How to Give a Sh*t

“You need to get angry,” Lee told me. “You need to get MAD.”

It was a hot day in mid-July of last year and we were standing on top of the Valmont dual slalom track. I had been running laps on the track for nearly half an hour trying to shave off tenths of a second and I was getting frustrated. For the past two years that Lee (Lee Likes Bikes) had been coaching me, we had spent nearly all our time in a parking lot. We practiced corners and bunny hops and corners with bunny hops in the middle of them. We practiced pumping and jumps. We spent hours discussing the physics of perfect riding. I loved this intellectual approach and I loved how nitty-gritty we could get in this quest for perfection. But there was one problem.

My skills had improved. My fitness had improved. My overall riding was pretty damn good. But my racing? My racing was – not to put too fine a point on it – a pile of donkey poo.

And so, there we were, at the top of the dual slalom course, not working on skills at all, but trying to get me angry. Trying to get me to care. And it worked. After about a million runs I finally got annoyed enough that I stopped thinking. I stopped worrying about my cornering form or whether I was casing the jumps. All I wanted was to break 27 seconds on that stupid little stop watch so that I could stop. And eventually I did just that. It was a breakthrough and both Lee and I knew it. The question — and this is still the question — was how to harness that.

Photo: Noah Wetzel

Before this past weekend’s race in Angel Fire I wrote down three goals:

1. Podium Finish
2. Race Aggressively
and (in all caps)

This sounds bizarre, but over the past two years, I have really struggled with #3. Last year it was far too easy for me to get into the start gate and just stop caring. Why? I don’t know. Maybe I’m just not that competitive. Maybe I am super competitive and not caring was the only way I could live with my results. Maybe some combination of both. Or maybe I had just been through the wringer with three years of nasty crashes and lousy luck and giving a shit was just one stick too many for this broke-ass camel. I don’t know.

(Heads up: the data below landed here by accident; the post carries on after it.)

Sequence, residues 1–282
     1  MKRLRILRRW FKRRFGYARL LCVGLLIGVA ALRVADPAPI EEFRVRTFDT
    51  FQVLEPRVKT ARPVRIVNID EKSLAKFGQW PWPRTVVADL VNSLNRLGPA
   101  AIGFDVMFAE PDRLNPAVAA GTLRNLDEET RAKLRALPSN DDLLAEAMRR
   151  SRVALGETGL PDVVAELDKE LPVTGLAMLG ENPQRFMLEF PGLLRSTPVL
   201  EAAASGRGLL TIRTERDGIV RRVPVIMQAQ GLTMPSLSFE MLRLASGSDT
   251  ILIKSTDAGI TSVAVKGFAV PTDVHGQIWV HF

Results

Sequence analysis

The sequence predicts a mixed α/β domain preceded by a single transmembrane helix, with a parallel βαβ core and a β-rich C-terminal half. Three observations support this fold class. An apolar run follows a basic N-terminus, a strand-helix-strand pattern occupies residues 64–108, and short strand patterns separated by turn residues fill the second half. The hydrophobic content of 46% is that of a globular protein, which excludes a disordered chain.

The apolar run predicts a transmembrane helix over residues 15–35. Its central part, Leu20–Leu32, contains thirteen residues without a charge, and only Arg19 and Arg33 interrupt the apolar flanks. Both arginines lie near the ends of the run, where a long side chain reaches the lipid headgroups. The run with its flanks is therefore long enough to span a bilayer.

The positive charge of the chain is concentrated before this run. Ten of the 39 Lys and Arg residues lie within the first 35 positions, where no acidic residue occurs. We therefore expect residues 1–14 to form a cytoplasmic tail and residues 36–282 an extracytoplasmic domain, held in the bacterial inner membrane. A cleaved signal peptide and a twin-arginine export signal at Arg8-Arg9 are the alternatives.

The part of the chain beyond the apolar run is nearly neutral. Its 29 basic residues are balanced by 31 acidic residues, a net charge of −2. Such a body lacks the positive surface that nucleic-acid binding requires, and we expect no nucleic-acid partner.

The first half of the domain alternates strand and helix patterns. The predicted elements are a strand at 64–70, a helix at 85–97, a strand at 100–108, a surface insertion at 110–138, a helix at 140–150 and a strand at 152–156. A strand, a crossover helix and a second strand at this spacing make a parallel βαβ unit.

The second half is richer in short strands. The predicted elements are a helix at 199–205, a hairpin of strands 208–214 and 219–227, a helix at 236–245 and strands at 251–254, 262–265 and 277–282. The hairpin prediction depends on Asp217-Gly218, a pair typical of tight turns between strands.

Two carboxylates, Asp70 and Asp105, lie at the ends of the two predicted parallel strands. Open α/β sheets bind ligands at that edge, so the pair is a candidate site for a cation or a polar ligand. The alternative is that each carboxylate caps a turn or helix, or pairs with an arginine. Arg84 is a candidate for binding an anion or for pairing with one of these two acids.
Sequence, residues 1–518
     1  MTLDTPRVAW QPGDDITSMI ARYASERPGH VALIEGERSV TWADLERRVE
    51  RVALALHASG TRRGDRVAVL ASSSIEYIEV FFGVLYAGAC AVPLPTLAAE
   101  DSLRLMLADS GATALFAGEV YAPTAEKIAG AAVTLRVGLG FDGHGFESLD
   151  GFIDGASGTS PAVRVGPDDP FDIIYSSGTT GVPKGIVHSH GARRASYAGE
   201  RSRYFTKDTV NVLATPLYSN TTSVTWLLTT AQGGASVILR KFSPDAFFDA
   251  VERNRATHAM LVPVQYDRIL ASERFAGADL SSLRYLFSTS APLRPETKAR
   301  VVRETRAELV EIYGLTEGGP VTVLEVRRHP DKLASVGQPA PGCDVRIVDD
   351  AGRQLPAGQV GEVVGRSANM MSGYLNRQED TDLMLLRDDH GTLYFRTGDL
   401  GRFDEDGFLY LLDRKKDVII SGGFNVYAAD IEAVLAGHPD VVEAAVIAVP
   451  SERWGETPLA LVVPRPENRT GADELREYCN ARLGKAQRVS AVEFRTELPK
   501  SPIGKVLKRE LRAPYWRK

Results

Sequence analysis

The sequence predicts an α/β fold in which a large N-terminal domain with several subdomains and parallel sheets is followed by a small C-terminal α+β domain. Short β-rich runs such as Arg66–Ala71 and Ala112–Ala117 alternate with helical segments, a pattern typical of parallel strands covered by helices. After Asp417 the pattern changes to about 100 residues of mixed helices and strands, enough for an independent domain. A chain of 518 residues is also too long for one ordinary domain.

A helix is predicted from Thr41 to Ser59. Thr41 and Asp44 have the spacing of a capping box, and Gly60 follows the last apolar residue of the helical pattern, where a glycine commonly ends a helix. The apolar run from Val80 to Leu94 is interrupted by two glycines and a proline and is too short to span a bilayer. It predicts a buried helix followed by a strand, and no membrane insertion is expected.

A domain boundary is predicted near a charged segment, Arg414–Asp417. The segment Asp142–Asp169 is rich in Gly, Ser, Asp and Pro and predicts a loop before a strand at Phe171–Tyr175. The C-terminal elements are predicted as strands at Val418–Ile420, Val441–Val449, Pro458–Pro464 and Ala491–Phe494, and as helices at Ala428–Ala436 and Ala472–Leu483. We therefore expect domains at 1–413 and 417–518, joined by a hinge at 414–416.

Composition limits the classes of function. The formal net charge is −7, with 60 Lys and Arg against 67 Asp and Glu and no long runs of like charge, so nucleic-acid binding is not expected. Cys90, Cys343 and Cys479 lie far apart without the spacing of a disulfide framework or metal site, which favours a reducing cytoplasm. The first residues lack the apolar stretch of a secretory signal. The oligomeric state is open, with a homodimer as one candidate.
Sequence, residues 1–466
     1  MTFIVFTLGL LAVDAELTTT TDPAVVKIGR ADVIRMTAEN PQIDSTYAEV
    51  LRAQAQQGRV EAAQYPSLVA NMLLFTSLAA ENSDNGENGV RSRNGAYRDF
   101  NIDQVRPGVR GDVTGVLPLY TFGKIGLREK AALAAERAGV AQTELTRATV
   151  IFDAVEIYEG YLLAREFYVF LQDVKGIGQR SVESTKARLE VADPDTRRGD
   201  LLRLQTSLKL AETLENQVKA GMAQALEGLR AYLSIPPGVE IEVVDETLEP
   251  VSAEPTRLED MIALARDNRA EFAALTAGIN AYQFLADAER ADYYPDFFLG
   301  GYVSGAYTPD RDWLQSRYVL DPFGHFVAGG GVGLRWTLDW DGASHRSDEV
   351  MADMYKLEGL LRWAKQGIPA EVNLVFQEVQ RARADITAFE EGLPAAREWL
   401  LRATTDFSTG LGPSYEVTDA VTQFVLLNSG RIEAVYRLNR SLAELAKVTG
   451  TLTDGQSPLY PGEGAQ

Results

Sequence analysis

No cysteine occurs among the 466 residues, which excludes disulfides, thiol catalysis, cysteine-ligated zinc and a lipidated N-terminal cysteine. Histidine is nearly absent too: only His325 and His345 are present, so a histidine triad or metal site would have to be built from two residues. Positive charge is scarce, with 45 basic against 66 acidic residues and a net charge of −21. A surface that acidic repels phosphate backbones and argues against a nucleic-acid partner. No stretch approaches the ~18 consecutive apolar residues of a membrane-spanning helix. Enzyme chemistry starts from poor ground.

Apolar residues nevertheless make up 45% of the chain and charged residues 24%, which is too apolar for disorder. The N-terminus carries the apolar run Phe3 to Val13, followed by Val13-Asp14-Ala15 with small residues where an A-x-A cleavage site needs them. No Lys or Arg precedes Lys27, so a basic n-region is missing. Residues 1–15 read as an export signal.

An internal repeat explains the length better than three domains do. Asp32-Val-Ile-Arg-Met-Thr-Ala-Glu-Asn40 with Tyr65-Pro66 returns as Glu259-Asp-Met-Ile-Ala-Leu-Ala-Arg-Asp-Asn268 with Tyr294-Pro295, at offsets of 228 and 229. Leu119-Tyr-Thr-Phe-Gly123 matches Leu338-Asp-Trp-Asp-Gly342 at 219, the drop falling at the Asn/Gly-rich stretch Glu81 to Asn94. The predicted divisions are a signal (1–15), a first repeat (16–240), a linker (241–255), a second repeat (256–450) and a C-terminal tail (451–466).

All I know is that last year I couldn’t do it. That’s why I took so much time off this winter. That’s why in October of last year I wasn’t sure I would ever race again. That’s what I mean when I say I was burnt out. I could not, no matter how hard I tried, stand in that start gate and give a shit. So putting that as one of my goals wasn’t an idle afterthought. It was the whole point.

I didn’t end up on the podium in Angel Fire, although I was within striking distance in 7th place. But I did race aggressively (perhaps a bit too much so, as I ended up taking a wrong turn on the first stage and having to re-run it — whooooops), and I did give a shit and I even continued to do so by the end of the second day when I was pretty beat up and exhausted. And this wasn’t easy — in the days leading up to the race, I had to check myself a few times as my mind automatically slid towards apathy and negative thoughts started to creep in. It was, to be honest, a constant battle to keep my head in the game, and I think that’s part of the reason I was so exhausted by the end of the second day. However while it was certainly more effort — it was worth it. Caring actually made racing more fun (as opposed to less, which I had been afraid of), and I finished much happier with my result and the weekend in general.

There is, of course, room for improvement. Finding that optimal balance of aggression and flow is hard, but this is, at least, the closest I’ve gotten in awhile, and I’m pleased with it. And who knows, maybe at the next race I’ll find a mental place that allows me to go hard while ALSO paying attention to the course taping…

Syd Schulz

Pro mountain biker.

Average human.

I write about bikes and life and trying to get better at both.

more here

6 thoughts on “How to Give a Sh*t

  1. Thank you for sharing a more human element to racing-I’m always inspired by your perspectives. My mantra has always been “just have fun, who cares about the finish” which relieves me of responsibility to podium.At some point I guess I have to cross over and figure out how to blend having fun and at putting in serious effort to place well.

  2. HaHa! You’re not a camel, you’re a race horse, (or at least a gazelle).
    As always, thanks for this insightful and honest read.

  3. Pingback: No More Training Races | Syd Schulz

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